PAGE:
Libyan rebels began clashing with pro-government forces in Libya's capital over the weekend, setting the stage for what could be a defining moment in the country's months-long conflict. Here is a look at this and other stories that CNN plans to follow this week:
Libyan rebels set sights on Gadhafi
Rebel fighters say they were advancing toward ruler Moammar Gadhafi's compound on Sunday, as gun battles and NATO airstrikes were reported in parts of the city. NATO for months has conducted airstrikes in Libya under a U.N. Security Council resolution authorizing force to protect Libyan civilians.
Libyan rebel representatives claimed that rebels captured Saif al-Islam Gadhafi and Saadi Gadhafi, two of Gadhafi's sons, on Sunday. A rebel spokesman in Libya said early Monday that rebels were in control of most parts of the capital, while a Libyan government spokesman said hours earlier that some areas of eastern Tripoli were out of government control Sunday.
Moammar Gadhafi, in an audio address broadcast just before midnight - his second of the day - claimed that "very small groups of people who are collaborators with the imperialists" were fighting inside the capital, and called on Libyan Arab tribes to come to the defense of Tripoli and "cleanse" it of rebel forces, warning they would be "enslaved" by Western powers if they fail.
Tropical Storm Irene could become hurricane, forecasters say
Tropical Storm Irene may become a Category 1 hurricane as it approaches Puerto Rico and the Dominican Republic late Sunday and early Monday, forecasters said.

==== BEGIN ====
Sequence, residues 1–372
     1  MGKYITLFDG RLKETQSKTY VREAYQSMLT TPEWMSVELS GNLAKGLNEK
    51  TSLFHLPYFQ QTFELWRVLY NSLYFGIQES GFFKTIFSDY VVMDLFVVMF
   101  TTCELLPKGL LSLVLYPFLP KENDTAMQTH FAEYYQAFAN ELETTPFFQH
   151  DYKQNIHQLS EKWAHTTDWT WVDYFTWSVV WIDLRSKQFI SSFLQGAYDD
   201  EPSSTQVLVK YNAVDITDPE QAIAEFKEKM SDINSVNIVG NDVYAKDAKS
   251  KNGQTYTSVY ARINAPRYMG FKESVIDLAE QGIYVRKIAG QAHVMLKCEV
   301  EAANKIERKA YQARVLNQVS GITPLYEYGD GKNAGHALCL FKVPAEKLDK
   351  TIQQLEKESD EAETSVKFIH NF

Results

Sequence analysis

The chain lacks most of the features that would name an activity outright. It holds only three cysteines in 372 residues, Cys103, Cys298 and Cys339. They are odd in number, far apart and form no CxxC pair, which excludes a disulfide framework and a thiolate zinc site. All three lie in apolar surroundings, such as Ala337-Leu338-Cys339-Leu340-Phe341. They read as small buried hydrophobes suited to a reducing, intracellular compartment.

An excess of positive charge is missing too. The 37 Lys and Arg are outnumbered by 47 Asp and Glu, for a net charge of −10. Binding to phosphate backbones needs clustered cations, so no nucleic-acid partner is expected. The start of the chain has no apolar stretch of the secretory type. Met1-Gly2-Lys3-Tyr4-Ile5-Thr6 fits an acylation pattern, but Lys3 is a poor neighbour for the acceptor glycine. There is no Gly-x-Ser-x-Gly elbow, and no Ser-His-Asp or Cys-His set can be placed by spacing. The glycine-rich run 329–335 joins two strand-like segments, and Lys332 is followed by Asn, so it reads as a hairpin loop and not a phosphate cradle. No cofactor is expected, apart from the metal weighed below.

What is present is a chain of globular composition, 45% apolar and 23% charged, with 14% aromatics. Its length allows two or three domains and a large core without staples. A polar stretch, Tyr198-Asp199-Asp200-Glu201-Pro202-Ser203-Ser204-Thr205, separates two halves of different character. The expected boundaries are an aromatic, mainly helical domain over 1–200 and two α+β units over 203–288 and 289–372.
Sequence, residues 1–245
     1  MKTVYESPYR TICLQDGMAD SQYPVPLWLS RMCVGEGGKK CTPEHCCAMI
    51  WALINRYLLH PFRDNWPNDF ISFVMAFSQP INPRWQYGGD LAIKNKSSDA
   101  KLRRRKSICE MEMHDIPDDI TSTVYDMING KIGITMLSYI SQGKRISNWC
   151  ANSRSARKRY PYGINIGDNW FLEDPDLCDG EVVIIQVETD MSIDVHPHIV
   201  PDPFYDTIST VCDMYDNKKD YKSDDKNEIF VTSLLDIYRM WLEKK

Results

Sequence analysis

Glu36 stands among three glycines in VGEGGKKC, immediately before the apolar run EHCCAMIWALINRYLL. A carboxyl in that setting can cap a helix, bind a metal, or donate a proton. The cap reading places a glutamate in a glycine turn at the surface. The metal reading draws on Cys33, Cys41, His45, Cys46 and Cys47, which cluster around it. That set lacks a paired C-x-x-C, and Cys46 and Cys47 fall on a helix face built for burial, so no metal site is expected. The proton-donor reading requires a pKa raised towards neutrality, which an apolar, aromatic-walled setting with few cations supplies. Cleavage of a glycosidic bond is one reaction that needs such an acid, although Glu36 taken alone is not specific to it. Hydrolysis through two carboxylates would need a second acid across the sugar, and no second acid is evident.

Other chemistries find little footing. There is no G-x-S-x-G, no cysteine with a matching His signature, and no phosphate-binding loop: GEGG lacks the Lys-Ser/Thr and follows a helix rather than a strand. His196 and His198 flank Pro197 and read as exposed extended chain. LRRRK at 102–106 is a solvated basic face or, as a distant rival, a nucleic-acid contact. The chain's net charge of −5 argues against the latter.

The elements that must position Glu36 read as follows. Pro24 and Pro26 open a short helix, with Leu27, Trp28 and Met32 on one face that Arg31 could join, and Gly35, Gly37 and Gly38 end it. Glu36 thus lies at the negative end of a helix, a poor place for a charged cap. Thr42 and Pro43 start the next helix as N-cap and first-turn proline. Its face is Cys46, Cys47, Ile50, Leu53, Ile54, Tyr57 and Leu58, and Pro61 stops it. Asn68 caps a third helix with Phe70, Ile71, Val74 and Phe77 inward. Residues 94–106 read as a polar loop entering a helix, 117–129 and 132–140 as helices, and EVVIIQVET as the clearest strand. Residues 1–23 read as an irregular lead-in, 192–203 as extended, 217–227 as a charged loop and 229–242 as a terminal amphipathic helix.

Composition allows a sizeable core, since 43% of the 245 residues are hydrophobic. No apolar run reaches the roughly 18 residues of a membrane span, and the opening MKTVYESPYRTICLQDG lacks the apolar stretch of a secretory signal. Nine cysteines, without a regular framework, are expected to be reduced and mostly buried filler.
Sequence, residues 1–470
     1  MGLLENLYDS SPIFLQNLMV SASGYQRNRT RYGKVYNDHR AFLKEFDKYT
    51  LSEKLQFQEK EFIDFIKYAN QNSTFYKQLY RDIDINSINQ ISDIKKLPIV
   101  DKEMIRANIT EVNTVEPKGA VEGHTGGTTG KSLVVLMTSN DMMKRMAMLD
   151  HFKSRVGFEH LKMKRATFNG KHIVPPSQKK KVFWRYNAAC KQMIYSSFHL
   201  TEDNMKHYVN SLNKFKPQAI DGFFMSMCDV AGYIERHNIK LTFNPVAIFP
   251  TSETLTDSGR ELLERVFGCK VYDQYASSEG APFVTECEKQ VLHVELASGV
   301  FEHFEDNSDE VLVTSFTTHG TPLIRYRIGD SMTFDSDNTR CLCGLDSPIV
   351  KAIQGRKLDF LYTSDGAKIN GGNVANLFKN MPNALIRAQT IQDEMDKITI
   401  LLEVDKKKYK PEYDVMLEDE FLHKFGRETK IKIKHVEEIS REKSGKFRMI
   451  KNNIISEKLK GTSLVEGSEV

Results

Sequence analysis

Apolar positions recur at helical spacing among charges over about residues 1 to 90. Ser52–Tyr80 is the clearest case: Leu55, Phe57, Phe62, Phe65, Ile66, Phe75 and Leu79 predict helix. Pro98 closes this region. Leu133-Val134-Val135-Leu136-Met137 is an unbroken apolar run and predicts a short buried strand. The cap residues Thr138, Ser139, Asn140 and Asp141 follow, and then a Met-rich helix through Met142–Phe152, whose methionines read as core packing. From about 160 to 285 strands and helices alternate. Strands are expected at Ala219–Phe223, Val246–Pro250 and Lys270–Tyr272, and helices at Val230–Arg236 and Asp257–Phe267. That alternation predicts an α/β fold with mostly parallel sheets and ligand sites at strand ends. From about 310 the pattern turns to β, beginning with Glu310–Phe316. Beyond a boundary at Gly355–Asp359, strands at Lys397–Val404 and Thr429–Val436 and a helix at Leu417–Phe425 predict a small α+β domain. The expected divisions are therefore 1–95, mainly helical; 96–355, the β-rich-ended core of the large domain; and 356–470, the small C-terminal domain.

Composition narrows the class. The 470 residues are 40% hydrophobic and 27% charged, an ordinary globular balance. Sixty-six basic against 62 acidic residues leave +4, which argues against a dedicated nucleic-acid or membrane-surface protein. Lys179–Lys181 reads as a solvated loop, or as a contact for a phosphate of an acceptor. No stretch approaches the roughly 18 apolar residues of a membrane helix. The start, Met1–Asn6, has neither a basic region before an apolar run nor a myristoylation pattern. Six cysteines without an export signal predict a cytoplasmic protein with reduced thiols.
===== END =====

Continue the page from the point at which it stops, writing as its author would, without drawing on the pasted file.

The storm could pass south of Puerto Rico overnight, strike the Dominican Republic on Monday and reach the southeastern United States by Thursday, forecasters projected.
The National Hurricane Center said Haiti and the Dominican Republic could see up to 20 inches of rain in isolated areas, with six to 10 inches possible across the rest of Hispaniola.
At 5 p.m. ET Sunday, the storm - with top winds of 50 mph - was centered about 25 miles east of St. Croix and about 120 miles east-southeast from Puerto Rico, moving west-northwest at 17 mph, forecasters said.
Tensions rise as Israel retaliates for rocket attacks
Rocket attacks from Gaza into southern Israel have showed no signs of abating. Dozens of rockets have been fired since Thursday, when rockets killed seven Israeli civilians and one soldier and wounded more than 30 other people, according to Israeli authorities.
The Israeli military responded by targeting 15 "terrorist infrastructure sites" with airstrikes in Gaza, the Israel Defense Forces said in a statement.
Fifteen people, including three children, have been killed in the Gaza airstrikes, and 44 others were injured, said Sami Zaqout of the Al Mezan Center for Human Rights.
Meanwhile, tensions are rising between Israel and Egypt after what Egypt called "indiscriminate shelling" that led to the deaths of at least three security forces in its Sinai region last week. An Egyptian military official said Israeli forces may have been targeting militants near Egypt's border with Gaza when they struck and killed the Egyptian security personnel. Israel issued a rare statement of regret and says it is investigating the event.
U.N. humanitarian team visiting Syria
A United Nations humanitarian team this week is expected to visit four Syrian cities where opposition and human rights groups say the government has been behind blood crackdowns on protesters.